Ex BOJ Deputy Governor Kazumasa Iwata is not the kind of trusted source that the Abe regime wants to censor. In order to prepare the acceptance of negative interest rates as being self-evident, he pushed the debate beyond their utility towards what level they should be at. He suggests negative one per cent. It would seem that negative interest rates in Japan are undergoing Schopenhauer's test of the truth. They have been ridiculed, violently rejected and are now in the process of acceptance.
Like Mr. Kazumasa, former economy minister Yasutoshi Nishimura is a trusted source that the Abe regime would like to be heard. He verbally intervened on the eve of the BOJ policy meeting to prevent a further slide in the yen and to raise expectations for easing at the meeting. According to him, at 110 to the US Dollar the yen is too strong.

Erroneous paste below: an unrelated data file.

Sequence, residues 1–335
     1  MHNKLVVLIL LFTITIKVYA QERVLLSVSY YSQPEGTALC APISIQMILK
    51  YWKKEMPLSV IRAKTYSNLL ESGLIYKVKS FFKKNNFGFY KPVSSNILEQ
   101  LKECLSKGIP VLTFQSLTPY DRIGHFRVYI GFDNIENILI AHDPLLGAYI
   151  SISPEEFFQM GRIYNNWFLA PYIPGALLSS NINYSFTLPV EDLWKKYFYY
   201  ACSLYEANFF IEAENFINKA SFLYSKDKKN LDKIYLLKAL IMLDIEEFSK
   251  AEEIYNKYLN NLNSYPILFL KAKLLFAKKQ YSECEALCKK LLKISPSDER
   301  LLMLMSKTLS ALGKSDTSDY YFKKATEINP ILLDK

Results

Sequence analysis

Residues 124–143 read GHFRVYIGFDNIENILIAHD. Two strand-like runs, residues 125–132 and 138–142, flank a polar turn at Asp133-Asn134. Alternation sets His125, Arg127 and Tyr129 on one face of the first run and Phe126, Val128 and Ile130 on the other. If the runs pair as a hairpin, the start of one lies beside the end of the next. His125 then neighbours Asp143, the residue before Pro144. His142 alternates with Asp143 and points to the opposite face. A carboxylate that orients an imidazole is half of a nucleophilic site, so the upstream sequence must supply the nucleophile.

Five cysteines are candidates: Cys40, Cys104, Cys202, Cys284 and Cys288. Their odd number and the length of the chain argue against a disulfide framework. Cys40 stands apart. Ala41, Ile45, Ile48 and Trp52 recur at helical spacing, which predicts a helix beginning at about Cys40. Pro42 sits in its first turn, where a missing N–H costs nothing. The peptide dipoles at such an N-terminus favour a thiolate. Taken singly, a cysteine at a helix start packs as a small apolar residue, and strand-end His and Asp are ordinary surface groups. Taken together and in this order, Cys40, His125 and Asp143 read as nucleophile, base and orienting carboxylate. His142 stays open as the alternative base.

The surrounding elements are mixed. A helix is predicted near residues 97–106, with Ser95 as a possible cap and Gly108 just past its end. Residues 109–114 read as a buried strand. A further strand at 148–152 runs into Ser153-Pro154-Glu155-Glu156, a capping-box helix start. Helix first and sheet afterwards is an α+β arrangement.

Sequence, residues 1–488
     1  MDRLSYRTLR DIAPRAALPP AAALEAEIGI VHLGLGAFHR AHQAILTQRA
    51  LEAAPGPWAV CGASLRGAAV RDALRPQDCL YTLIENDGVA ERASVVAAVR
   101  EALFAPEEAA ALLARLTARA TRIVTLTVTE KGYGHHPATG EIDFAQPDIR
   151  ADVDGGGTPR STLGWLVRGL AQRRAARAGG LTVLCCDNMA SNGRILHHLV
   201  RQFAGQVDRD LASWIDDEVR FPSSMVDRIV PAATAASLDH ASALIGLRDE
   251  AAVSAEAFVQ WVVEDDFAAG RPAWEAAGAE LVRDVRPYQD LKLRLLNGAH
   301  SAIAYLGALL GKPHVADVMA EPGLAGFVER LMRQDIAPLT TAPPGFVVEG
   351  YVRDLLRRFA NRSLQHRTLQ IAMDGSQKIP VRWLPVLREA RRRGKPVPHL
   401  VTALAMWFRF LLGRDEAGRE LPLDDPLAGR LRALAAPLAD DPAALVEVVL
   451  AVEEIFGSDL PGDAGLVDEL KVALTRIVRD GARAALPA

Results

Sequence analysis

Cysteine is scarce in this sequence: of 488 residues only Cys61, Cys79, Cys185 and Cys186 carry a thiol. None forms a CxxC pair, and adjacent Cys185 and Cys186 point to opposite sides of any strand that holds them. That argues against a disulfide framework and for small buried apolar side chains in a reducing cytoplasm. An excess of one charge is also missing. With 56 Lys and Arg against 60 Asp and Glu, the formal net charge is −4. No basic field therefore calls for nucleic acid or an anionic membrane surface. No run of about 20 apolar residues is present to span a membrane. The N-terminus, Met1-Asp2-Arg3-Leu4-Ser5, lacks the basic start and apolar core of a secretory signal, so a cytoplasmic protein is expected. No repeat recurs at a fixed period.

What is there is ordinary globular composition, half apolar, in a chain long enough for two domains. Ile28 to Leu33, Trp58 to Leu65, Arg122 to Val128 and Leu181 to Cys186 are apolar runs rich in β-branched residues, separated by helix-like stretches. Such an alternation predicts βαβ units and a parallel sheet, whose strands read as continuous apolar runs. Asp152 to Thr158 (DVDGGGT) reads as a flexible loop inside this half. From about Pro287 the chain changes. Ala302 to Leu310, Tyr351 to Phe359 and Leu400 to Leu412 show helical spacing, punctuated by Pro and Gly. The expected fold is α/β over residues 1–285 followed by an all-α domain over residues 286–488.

Despite the growing self-evident nature of the next BOJ stimulus, there are those in its ranks who remain circumspect about the outcome. These nameless insiders have not seen the reciprocal behavior, from either Japan Inc or the Japanese government, that will sustain the benefits of the easing in the real economy. Both these reluctant respondents seem to take whatever they can get from the BOJ, as if it has inexhaustible resources, but deliver little in return in terms of stimulus or supply side reforms. These disgruntled BOJ members therefore made it clear that they are expecting said reciprocal stimulus and reforms from the government this time round.